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3 Reasons To Avoid Bank Stocks

|Includes: AMBC, BAC, Citigroup Inc. (C), FAS, FAZ, JPM, USB, UYG, XLF

It isn’t hard to find. No seriously, not one bit. What am I talking about? It’s simple and easy to find numerous reasons to not touch bank stocks. First and foremost I would like to indicate to the reader that yes, there could be a lot of potential in a lot of bank stocks in general. However, if you look at it from a logicians point of view and assess not only potential reward, but the potential risks, there truly is no reason to touch bank stocks until these uncertainties fade away.

I. Mortgage Fraud Allegations Against Banks By Mortgage Insurers

Let is be known, I am net long on shares of Ambac (ABK) as my Twitter followers found out on October 11th when Ambac (ABK) was only trading in the low $0.70′s. The shares of Ambac have skyrocket to over $1.00 per share and this price action has also been prevalent in shares of similar insurance companies like MBIA (NYSE:MBI) and PMI Group (PMI). So now this is out of the way, I am extremely skeptical of any and all banks that hold mortgages and received insurance payments on defaulted mortgages over the past three to five years.

These banks have allegedly had these loans insured based upon certain characteristics that they claim the mortgages met. These standards are allegedly not found in their entirety on the vast majority of these pools of loans. Ambac (ABK) has filed a lawsuit against Bank of America (NYSE:BAC) indicating in the lawsuit that they claim the Countrywide Bonds Ambac insured, which were $16.7 billion in total value we fraudulent. According to Bloomberg Businessweek, “Ambac found that 97 percent of 6,533 loans it reviewed across 12 securitizations sponsored by Countrywide didn’t conform to the lender’s underwriting guidelines.”  It is going to be extremely hard to quantify how much money this could amount to across the whole industry of banks, but if you look at the losses by the insurers of these mortgages, we may be able to start to indicate how much money we are talking about.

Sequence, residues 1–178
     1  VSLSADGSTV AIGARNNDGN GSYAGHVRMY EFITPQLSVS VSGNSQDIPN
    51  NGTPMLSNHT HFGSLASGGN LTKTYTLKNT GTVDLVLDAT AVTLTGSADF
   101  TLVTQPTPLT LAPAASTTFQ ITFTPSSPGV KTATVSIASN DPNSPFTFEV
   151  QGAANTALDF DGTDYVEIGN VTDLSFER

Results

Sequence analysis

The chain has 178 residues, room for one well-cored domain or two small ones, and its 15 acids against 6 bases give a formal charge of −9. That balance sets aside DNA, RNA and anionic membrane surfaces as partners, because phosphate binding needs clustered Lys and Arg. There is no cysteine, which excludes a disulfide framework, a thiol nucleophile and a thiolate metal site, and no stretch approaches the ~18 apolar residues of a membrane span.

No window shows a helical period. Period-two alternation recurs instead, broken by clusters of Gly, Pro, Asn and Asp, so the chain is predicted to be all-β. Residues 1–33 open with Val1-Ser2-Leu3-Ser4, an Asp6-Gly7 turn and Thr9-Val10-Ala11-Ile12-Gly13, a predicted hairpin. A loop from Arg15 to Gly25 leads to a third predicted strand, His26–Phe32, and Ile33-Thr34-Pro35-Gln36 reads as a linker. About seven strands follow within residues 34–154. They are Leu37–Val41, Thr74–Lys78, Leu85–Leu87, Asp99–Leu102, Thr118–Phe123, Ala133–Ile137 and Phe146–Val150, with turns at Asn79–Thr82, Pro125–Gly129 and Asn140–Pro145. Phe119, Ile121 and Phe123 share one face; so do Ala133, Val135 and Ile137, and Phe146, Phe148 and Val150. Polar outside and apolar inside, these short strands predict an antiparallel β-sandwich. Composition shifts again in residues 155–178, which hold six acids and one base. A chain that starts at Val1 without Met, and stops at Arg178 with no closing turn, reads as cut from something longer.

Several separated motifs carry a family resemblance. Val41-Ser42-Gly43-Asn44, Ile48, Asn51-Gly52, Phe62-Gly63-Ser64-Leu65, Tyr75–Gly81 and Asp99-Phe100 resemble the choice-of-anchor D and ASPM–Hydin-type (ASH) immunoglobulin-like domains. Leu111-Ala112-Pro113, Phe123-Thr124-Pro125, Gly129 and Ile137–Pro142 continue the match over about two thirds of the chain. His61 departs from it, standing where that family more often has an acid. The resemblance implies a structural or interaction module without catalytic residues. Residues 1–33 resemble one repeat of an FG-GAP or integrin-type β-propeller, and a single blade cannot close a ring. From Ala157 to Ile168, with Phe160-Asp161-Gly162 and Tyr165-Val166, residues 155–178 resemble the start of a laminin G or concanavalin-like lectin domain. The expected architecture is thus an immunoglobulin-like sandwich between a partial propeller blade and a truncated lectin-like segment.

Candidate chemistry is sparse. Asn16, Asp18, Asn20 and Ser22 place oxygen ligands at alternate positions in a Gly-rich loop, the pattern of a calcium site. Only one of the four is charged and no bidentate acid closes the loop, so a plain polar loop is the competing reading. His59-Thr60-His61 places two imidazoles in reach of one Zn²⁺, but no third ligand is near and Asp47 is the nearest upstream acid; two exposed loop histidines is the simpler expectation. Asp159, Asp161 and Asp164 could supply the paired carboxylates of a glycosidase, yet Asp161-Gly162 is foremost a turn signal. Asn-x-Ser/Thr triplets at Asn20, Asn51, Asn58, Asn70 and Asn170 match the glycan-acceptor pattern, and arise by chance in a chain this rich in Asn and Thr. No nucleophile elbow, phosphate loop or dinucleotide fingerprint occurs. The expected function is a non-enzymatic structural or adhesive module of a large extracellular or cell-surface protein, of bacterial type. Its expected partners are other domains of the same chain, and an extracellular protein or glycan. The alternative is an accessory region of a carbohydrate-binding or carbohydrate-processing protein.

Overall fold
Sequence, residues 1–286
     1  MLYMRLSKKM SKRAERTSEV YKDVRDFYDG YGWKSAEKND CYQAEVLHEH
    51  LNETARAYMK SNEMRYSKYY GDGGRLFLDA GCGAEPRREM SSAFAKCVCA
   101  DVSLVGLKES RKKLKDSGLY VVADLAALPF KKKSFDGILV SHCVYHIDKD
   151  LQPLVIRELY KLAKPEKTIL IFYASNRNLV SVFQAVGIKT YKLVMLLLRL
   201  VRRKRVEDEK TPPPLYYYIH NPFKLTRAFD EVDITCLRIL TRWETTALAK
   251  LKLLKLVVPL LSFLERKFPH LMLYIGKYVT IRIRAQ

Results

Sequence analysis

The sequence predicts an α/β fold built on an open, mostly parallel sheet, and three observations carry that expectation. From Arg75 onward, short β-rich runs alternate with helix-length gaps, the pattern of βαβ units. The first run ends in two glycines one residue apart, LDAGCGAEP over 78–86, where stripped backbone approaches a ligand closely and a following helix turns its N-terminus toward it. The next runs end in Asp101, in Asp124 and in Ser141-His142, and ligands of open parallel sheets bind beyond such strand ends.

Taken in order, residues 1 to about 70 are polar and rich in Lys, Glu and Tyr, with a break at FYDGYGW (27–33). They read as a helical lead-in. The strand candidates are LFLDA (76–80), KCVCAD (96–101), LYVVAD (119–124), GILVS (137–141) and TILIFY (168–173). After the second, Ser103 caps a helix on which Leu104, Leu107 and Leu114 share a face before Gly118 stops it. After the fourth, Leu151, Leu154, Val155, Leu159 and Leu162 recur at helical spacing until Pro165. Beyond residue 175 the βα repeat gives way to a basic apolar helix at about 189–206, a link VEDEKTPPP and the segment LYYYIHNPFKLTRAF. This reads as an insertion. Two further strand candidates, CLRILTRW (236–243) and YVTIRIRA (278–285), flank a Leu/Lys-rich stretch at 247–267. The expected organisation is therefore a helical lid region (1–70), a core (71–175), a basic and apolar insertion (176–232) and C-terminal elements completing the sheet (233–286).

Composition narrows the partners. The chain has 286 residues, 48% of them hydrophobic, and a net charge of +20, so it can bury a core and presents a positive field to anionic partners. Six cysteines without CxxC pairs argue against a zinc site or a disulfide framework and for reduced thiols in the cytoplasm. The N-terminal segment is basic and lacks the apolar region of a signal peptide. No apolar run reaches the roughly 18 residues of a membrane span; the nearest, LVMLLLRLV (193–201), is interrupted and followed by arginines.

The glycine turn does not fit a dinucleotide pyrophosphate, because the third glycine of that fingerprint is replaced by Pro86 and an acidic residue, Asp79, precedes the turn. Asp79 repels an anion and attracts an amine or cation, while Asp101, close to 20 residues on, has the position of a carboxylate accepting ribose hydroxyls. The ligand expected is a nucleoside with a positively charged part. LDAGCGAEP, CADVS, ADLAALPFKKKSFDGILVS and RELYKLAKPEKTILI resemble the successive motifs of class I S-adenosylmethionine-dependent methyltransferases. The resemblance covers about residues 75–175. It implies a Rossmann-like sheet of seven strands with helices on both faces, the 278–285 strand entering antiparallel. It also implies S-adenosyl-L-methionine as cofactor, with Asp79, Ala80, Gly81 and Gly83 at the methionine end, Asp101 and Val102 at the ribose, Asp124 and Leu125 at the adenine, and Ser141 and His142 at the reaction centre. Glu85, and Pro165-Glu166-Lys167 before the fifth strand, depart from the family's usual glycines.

In essence, the banks are saying that they were told they were insuring mortgages of higher standards than what the standards really were. So as an extreme example, if you were to tell a bank you made $500,000 a year, even though you made $50,000 a year, and you took out a $500,000 5-Year ARM, and the bank did not verify your income, they would then have the mortgage insured based upon your credit and income. Even though you only made $50,000, this was never discovered and the bank asked companies like Ambac (ABK) and PMI Group (PMI) to insure the mortgage. They run these pools of mortgages through their credit risk models and then generate a premium amount to charge you. The companies have no chance of surviving if the banks are taking these actions of fraud. Although this is not being proven yet, some moves by banks are making us believe this is going to turn into something big.

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Disclosure: Net long ABK.